Every Saturday I focus on a different artist that I admire. From potters to painters, chefs to collectors, seamstress to songwriters, lifestyle to lovers... anyone who set the paintbrush, pastry brush, hands and heart on fire to create.
Those who inspire art to flow where it may.
And there is so often a good, interesting and meaningful story since many people receive or give jewelry to commemorate an event or send a message: It could be a birthday or anniversary, a statement of love or gratitude. But, says Annabel Tollman, a top industry stylist, a pendant, earrings or bracelet “are rarely exchanged, because it’s Tuesday.”
“We hear so often from clients their vivid memories when they speak of jewelry,” said Jon King, executive vice president at Tiffany & Co. “Women immediately paint the picture of the moment they received a bracelet or ring. They’ll say, ‘I was at the restaurant. It was raining outside. My husband had the pasta and I had the meat.’ They remember every detail.”
And, then: “You’ll hear young women who say, ‘I remember every time my mother went out to an important occasion, she always wore those earrings or that bracelet. When the next person in line can be so fortunate to have it passed along, it comes with all the memories,” Mr. King said.
"There’s also a trend toward shoppers buying their own celebratory jewelry, especially rings, when they achieve an accomplishment such as a promotion or graduation. It could make a child proud to wear such a symbolic item many years later, Mr. King said. (He said he thinks rings are popular because they can be seen by the wearer.)"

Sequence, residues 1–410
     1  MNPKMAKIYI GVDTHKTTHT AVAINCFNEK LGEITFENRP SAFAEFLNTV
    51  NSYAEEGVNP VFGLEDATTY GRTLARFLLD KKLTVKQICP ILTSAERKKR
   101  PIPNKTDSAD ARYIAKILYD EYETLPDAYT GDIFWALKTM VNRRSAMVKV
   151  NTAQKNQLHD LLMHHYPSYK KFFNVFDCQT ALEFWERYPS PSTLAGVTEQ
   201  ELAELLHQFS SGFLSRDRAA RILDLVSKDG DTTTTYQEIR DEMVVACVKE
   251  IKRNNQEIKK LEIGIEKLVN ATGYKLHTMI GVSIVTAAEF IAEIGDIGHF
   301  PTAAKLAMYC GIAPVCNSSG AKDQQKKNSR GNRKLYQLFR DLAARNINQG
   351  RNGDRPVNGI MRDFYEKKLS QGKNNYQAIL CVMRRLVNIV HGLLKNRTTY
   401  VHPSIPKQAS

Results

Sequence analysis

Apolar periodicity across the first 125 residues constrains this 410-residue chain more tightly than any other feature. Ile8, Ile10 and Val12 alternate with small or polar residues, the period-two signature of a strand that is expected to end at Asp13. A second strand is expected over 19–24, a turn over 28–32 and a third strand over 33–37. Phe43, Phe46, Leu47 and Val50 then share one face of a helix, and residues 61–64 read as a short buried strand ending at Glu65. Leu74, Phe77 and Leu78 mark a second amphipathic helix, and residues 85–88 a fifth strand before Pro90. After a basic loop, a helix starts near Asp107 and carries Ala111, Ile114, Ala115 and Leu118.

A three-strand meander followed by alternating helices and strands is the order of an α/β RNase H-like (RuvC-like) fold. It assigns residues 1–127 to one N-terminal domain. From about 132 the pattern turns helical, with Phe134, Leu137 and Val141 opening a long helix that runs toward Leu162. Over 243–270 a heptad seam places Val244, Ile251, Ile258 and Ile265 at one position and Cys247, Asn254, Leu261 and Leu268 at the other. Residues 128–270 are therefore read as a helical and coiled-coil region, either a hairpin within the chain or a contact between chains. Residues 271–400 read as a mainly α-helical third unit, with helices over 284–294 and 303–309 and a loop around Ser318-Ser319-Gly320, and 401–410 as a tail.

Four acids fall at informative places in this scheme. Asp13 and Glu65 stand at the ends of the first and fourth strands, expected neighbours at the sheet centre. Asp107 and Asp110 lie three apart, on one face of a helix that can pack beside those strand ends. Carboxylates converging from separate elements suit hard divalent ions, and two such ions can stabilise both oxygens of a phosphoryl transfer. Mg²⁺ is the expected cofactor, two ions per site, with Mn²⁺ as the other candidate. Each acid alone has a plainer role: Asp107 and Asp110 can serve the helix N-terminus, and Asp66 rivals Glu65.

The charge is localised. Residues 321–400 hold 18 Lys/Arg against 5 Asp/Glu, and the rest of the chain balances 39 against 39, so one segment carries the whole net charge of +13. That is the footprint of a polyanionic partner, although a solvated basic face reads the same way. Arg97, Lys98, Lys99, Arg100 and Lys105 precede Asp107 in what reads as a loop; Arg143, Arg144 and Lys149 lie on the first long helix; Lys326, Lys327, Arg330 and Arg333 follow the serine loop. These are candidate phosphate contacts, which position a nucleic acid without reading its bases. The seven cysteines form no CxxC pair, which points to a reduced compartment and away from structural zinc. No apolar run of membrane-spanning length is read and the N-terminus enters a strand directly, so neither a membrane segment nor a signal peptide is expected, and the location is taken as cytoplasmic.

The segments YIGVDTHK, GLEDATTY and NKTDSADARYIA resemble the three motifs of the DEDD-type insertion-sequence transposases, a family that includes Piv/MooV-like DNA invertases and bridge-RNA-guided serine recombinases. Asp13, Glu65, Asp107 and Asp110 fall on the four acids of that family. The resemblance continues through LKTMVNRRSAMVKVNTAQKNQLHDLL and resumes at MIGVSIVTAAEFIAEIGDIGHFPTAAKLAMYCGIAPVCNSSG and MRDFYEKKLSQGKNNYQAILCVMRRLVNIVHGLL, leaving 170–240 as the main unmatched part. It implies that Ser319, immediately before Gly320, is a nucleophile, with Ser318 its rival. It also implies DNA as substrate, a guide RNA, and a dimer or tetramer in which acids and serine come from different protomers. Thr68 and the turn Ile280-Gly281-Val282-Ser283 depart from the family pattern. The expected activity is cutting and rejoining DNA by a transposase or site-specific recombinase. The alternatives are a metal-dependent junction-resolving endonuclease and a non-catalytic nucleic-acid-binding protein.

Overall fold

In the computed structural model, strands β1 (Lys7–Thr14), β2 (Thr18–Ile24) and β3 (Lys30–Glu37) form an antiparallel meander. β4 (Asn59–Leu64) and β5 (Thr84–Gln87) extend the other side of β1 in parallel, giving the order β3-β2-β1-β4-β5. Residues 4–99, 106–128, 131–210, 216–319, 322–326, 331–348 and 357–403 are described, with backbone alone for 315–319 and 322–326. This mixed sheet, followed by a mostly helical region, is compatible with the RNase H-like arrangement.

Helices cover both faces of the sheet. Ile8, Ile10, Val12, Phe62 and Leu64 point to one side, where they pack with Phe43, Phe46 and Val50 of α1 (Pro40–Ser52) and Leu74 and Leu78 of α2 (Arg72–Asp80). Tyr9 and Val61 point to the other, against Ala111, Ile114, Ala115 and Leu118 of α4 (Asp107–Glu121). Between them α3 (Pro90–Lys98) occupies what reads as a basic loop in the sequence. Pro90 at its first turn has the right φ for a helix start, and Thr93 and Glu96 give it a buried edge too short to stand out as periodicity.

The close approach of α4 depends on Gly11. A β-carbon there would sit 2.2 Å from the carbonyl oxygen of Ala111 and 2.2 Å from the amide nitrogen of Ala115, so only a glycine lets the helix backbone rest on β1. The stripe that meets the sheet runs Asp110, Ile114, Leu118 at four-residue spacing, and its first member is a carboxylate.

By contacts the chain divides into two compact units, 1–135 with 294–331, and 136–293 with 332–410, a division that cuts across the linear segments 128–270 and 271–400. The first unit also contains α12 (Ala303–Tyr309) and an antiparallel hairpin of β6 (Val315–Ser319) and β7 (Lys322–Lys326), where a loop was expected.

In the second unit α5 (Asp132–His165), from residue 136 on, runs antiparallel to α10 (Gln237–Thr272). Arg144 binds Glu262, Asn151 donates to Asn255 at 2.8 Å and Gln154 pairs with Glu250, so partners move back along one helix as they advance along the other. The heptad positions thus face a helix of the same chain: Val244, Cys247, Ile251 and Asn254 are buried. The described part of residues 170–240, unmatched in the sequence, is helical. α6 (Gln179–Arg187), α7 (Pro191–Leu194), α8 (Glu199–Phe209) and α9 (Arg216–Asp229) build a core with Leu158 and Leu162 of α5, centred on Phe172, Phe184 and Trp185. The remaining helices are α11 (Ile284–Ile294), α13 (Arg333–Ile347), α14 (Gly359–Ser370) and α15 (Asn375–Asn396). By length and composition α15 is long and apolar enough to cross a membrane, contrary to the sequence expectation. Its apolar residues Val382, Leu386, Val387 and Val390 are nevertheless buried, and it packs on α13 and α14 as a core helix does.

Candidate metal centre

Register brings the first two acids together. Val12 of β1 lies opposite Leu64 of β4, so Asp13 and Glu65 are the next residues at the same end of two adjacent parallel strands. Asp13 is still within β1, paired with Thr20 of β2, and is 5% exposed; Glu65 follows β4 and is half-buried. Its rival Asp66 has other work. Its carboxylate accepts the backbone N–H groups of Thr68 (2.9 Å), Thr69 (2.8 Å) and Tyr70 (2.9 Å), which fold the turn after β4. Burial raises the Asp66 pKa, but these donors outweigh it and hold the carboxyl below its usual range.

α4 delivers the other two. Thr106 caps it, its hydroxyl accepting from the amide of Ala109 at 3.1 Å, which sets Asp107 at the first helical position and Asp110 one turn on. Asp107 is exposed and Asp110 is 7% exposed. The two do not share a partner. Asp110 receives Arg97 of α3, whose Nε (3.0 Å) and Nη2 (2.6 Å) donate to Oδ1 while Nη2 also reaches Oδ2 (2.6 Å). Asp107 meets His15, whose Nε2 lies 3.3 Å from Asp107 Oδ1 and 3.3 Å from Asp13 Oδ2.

"Jewelry can be quite timeless in appearance. Unlike a fashion-driven item such as a dress or a handbag, the likelihood of vintage jewelry fitting into a modern wardrobe is strong, so the story of the piece doesn’t ever have to end, said Sally Morrison, head of jewelry public relations of the World Gold Council."
via Tongue in Cheek Antiques
"Ms. Morrison keeps her grandmother’s simple gold wedding ring, and she has a charm that she made from her son’s toe print when he was a baby. “Hopefully, his toe charm will someday go to his wife or child. It’s comforting to know that,” she said."
"Engraving or personalizing a piece adds to its intrinsic value, whether it’s a luxury-brand Swiss watch or the thin little band that served as your grandmother’s placeholder when she and grandpa were saving for an engagement ring.
"Tiffany’s Mr. King said there is a lifetime progression in one’s jewelry wardrobe. It often starts with a silver necklace and, if he were a betting man, he’d predict a heart motif. “The heart is an important symbol, an international symbol, and it’s appreciated and understood regardless of where one sits in the world.”"
She has been known to pair her “nana’s” 19th-century diamond earrings with jeans and a biker jacket, or a ball gown. “Jewelry is meant to be used, meant to be worn. Leaving them in the jewelry box would be like leaving the plastic on dining room furniture.”"
Where to buy antique wedding rings, via Paris Boutique
Tell me a story about a piece of jewelry you own?